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Simeon In the summer-time; the Thus, during the three years army of the pagans, which aforesaid, namely from the time that the Danes had had wintered at Quatbricge, entered the port of Limene, these did much harm to the went partly to East-Anglia, English, but themselves suffered much greater harm. partly to Northumberland, But in the 4th year, the army was divided : some went into Some of them remained there Northumberland, some into East-Anglia, and others but others, getting possession crossing the sea, entered the Seine. of some ships, went to the But afterwards, some ships of the Danes came near the river Seine before-mentioned. shores of Wessex, and making frequent invasions, at O with what frequent vexa- one time plundering, and at another fighting, they did no tions, with how severe suffer- small damage to the provincials of Wessex. ings, in what a dreadful and Of the many fights that then took place, I will relate one, lamentable manner, was all as having been attended with an unusual issue. England annoyed, not only King Alfred caused some long ships, of 40 oars or more, by the Danes, who had then to be got ready against the aforesaid ships of the Danes. occupied the parts of Eng- And whilst six of the Danish ships were lying somewhere land, but also by those chil- on the coast of Devonshire, they were surprised by nine dren of Satan. But it suf- of the king's ships. The Danes seeing this, moved fered much more, for three against them with three only of their ships, for the other years, by a murrain among three were stranded and could not move because the tide the cattle, and the death of was out. Six ships, therefore, of the English fought against noble men, who about that three of the Danes: whilst the other three went against time departed this life. the three Danish ships that were stranded. The three Among whom was Suithulf Danish ships fought long and desperately against the six ; prelate of the church of but numbers at last prevailed, and two of the Danes were Rochester, Ealheard bishop taken ; the third fled, after all her crew had been killed of Dorchester, Ceolmund except five. This being done, when the English wished to duke of Kent, Beorhtulf return to their companions which were near the Danish duke of Essex, Eadulf the ships on the opposite shore, they were stranded ; and the Danes king's officer in Sussex, seeing this, left their own ships and fought against the Beornulf provost of Winches- English who were in the three ships. Then might you have ter, Ecgulf the king's strator, seen the English people of the six ships looking at the and many others, but these battle, and unable to bear them help, beating their were the most uoble.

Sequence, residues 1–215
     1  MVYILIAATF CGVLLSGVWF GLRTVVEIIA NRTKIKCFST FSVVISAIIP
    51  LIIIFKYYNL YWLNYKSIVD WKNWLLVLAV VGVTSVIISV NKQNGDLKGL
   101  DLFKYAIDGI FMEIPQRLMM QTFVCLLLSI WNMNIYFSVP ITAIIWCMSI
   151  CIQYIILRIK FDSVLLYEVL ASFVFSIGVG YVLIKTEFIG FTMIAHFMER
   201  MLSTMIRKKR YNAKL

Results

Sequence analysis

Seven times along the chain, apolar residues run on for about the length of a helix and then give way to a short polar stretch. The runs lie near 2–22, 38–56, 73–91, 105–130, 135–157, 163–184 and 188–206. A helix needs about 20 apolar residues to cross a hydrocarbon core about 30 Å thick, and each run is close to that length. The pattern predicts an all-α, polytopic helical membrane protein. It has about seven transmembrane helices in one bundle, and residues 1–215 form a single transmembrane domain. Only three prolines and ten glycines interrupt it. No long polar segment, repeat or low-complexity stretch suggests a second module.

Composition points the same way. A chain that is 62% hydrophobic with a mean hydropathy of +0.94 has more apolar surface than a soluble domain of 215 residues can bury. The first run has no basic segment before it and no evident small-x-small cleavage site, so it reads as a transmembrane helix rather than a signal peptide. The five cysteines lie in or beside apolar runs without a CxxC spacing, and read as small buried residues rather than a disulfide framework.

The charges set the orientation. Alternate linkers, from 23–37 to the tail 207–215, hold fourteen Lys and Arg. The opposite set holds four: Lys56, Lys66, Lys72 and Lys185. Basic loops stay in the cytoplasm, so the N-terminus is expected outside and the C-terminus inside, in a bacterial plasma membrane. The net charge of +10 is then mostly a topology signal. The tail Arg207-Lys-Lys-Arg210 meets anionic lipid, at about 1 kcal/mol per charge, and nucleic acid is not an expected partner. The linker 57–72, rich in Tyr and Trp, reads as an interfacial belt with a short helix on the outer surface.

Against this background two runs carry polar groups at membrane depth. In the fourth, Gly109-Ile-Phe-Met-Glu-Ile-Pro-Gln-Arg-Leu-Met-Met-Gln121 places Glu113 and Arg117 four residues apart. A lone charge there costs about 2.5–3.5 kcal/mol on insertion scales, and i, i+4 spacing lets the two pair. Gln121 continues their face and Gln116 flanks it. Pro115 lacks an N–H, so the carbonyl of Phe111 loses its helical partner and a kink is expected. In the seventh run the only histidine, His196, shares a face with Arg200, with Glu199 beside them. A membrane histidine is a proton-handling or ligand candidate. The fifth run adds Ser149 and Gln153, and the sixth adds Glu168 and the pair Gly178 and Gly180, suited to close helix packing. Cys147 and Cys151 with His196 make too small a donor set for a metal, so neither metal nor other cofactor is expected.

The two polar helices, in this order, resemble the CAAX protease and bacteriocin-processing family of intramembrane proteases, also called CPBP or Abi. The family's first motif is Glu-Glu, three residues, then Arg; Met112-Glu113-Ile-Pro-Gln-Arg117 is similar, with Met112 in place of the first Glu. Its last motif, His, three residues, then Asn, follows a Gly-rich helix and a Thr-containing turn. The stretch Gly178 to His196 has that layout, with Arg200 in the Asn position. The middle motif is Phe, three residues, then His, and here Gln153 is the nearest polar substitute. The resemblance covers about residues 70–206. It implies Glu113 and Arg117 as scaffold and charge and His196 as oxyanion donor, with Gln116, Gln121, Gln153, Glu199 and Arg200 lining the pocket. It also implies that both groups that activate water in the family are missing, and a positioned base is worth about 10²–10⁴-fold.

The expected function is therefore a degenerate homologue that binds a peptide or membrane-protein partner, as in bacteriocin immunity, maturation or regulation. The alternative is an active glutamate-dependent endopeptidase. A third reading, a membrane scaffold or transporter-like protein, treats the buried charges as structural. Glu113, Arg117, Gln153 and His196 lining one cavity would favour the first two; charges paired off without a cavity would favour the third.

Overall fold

breasts with their hands, and tearing their hair with their
nails. The English fought manfully, and the Danes In the same year, the army bravely attacked them. Forty two Eaglishmen were of the pagans, settled in East- slain, and 120 of the Danes. But the Danes slew LucheAnglia and Northumberland, man the commander of the king's fleet who pressed upon carrying off booty along the them too boldly; on
which account the English sea-coasts, severely harassed gave way a little, and the Danes almost seemed to be the land of the West-Saxons, victorious. But, lo! the tide came up, and floated the mostly in long and swift gal- vessels : the Danes got out to sea, and the 9 English ships were leys, which themselves had too late to overtake them. But a foul wind assailed the made some years before. To victorious Danes and cast two of their ships on shore : oppose these other ships were the crews were taken, brought before the king, and hanged made by Alfred's orders, at Winchester : but those who were in the third ship, twice as long, higher, swifter landed, much crippled, in East-Anglia. and less shaky, so as to beat In that same year, 20 ships with their crews were cast the above-named ships of the away round the northern coasts. enemy in strength. When these were sent out to sea, the king ordered them to take alive all they could, and to slay the rest. Wherefore it came to pass that 20 ships of Danish pirates were taken alive in that same year; of whom some were slain, some brought alive to the king, and hanged on the gallows.